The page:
The moment after David Hutsell made a birdie putt on the second playoff hole of the PGA Professional National Championship, June 29, at Hershey (Pa.) Country Club, life got sweet.
Many of the 1,000 members at The Elkridge Club in Baltimore, Md., attended a reception to welcome back the National Champion and PGA director of instruction. The replica of the Walter Hagen Cup that Hutsell earned was on display in the golf shop, and a day doesn't go by when someone doesn't pat him on the back or give him just that extra bit of attention.
In preparing for his second consecutive trip to the PGA Championship, Aug. 11-14, at Atlanta Athletic Club, Hutsell has not lost his winning touch.
The 40-year-old former baseball pitcher followed his National Championship by capturing his first Maryland State Open, July 13, at Maryland Golf and Country Club in Bel Air. Hutsell staged a rally in the final round, turning in a course record 65, highlighted by a blazing stretch of holes (Nos. 3-6), where he recorded birdie-eagle-eagle-birdie.
"That was a lot of fun, and once I got back to the club, the members were saying that I am on a roll," said Hutsell. "I would like to keep that up, of course, knowing that I'm headed to a major championship. All I can do is try to keep the short game as sharp as I can."
Keeping sharp has been a journey in the game for Hutsell, who called his victory in Hershey "my biggest accomplishment in golf by far." A decade ago, when he lost a playoff for one of 20 PGA Championship berths in Sunriver, Ore., and said that he had learned from the disappointment.
"It helped me get better," says Hutsell. "The more you play in a National Championship, the more you get a feel for what the number (the PGA Championship top-20 cut) will be. You have to judge the difficulty of the golf course.
"I know that at Atlanta (Athletic Club), you have to keep your short game sharp to have any chance of making the cut. Everyone is going to miss approach shots, but you want to be able to recover and make some putts."
To aid his preparations, Hutsell will have a practice round at Atlanta Athletic Club with fellow Middle Atlantic PGA Professionals Faber Jamerson of Appomattox, Va., the National Championship co-runner-up; and 2009 PGA Professional Player of the Year Rick Schuller of Chester, Va.
Schuller, who finished tied for 44th in the 2001 PGA Championship at Atlanta Athletic Club's Highlands Course, missed his chance for a Championship berth in June at Hershey, Pa. So, he will caddie for Jamerson. "Rick is a good friend and I'm happy that he will be there with Faber and giving us both some pointers on what we can expect."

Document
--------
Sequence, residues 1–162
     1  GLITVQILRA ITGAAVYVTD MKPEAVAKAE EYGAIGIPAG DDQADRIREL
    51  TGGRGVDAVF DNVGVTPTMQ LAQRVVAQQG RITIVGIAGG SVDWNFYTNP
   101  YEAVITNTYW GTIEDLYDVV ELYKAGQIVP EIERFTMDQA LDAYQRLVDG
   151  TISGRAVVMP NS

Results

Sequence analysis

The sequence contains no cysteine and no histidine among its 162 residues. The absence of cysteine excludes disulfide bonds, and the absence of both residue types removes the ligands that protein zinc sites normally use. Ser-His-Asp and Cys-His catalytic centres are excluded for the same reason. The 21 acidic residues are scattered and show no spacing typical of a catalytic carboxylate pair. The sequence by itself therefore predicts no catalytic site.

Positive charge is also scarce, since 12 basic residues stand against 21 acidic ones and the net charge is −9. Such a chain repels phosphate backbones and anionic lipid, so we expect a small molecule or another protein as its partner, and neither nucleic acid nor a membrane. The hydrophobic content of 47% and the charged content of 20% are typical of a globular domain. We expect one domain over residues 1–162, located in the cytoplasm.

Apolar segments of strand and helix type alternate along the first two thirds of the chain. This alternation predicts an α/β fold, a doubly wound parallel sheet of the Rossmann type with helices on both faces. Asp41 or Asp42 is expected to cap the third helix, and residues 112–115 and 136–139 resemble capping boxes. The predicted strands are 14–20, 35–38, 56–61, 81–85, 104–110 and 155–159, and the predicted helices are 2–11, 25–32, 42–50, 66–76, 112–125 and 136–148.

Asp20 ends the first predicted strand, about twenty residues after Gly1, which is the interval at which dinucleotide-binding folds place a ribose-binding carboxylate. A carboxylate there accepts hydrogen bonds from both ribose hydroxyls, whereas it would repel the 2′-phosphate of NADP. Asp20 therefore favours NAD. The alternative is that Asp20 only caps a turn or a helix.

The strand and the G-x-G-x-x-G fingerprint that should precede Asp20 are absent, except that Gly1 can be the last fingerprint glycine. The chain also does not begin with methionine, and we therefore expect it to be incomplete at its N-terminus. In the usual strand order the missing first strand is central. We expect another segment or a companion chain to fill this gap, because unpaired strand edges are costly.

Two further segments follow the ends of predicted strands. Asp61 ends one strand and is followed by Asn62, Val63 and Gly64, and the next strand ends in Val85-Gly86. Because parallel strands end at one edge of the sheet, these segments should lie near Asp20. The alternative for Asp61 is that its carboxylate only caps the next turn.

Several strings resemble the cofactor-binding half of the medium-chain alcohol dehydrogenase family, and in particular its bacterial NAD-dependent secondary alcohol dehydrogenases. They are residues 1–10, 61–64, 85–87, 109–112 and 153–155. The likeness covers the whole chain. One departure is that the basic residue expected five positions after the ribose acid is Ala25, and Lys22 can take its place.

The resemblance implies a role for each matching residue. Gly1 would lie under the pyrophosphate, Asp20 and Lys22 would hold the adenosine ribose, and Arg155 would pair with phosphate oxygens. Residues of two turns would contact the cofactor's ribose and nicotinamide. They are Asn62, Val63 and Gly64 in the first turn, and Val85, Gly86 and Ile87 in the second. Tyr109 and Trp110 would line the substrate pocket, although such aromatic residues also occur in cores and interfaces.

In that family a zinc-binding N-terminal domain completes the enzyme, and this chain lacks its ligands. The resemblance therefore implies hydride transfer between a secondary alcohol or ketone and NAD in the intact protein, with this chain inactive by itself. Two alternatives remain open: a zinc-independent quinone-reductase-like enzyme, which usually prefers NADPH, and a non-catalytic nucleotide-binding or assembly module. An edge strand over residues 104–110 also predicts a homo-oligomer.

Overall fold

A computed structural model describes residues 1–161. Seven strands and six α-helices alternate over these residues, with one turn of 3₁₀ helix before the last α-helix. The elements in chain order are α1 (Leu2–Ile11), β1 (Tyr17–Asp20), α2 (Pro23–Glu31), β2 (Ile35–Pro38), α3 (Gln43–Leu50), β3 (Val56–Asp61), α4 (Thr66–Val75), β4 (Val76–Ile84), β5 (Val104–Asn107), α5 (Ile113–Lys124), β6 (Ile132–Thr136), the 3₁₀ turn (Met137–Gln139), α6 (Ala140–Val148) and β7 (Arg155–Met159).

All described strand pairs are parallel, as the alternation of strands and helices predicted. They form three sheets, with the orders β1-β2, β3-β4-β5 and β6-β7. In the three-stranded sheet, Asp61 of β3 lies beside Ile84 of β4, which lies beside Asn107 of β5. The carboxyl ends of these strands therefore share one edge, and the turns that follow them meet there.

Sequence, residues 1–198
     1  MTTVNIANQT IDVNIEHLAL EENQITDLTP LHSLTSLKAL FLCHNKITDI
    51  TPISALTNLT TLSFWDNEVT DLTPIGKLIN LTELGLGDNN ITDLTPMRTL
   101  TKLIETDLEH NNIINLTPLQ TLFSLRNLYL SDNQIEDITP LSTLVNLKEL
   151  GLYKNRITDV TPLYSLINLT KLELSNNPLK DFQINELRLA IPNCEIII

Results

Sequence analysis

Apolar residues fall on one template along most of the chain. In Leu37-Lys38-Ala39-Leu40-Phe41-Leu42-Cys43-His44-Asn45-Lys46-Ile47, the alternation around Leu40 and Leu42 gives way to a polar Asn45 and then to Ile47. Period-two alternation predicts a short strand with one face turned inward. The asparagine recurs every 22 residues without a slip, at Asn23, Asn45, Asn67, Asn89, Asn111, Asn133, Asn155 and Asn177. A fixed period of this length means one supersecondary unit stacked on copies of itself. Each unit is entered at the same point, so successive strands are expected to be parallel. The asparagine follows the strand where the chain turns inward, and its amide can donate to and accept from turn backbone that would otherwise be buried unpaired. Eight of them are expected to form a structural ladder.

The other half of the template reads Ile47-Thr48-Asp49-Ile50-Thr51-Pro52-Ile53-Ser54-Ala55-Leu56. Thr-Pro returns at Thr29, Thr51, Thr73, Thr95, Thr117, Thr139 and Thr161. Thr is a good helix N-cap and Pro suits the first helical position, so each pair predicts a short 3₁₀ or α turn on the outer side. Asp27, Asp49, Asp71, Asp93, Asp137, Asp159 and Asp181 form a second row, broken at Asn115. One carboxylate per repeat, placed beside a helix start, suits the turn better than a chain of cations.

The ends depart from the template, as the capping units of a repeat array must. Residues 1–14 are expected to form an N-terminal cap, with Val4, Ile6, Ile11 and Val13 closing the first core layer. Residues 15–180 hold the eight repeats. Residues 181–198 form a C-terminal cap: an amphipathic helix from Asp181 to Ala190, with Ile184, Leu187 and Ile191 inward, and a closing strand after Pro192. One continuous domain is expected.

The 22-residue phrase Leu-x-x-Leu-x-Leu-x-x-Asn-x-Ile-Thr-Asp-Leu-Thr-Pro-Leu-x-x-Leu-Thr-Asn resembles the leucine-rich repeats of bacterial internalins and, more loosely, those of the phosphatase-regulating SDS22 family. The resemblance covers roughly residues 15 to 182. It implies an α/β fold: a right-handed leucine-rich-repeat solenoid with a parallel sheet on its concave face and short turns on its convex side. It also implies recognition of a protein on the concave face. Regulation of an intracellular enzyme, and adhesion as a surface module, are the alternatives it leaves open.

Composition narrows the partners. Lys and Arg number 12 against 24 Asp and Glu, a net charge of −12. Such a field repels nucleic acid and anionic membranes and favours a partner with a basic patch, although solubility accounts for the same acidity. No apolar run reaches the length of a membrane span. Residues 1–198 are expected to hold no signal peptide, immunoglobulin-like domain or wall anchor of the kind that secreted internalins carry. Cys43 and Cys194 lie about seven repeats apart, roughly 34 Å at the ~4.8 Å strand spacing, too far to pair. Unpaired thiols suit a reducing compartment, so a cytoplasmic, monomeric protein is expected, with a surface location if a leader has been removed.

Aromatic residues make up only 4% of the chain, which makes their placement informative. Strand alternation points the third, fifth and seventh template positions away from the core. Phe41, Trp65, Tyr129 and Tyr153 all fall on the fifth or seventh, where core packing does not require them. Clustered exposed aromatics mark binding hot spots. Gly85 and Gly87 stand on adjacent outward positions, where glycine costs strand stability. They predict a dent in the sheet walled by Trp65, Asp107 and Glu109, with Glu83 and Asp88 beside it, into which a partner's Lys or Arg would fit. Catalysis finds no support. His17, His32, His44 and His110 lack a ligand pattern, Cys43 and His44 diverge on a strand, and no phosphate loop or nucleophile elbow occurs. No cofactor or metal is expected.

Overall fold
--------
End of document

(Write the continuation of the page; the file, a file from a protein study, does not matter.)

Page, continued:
Hutsell's trip to the PGA Championship follows overtones from his baseball career.
"My father helped me a lot in sports, and when I was on the mound, he said that he hates to see me give up any walks," says Hutsell. "That carries over into golf, I believe. You don't want to beat yourself."
Hutsell didn't beat himself on the mound that often. He was the winning pitcher in the title game in 1988 when Havre de Grace (Md.) High School won the Maryland Class C State Championship. He had one boyhood dream come true by pitching his senior year in the Baltimore Orioles' former ballpark, Memorial Stadium.
"I got my chance to pitch as a member of the North squad in the same stadium where the boyhood baseball heroes of mine, Brooks Robinson, Cal Ripken and Eddie Murray played," says Hutsell. "It was the State High School All-Star game and what a great experience!"
Golf came late in life to Hutsell, who went on to play for Towson University before suffering an arm injury that pointed him away from the diamond. He was a member a golf course maintenance crew before his college formed a golf team. As he gained more confidence in his game and turned professional in 1993, Hutsell began receiving coaching in 1995 from PGA Master Professional Don Trahan of Inman, S.C., the father of PGA Tour professional B.J. Trahan.
"Don has been a great help to me ever since I met him, helping me a great deal when we meet in person or over the phone," says Hutsell. "I will always keep in contact with him."
As the PGA Championship draws near, Hutsell says he also has a hobby to fall back upon to ease any stress. He is an avid guitar player, having taken lessons the past five years.
"I find it relaxing to grab the guitar and start playing," says Hutsell. "It's something I enjoy doing."
If Hutsell's game is in tune as well, it may be a sweeter visit to the Season's Final Major.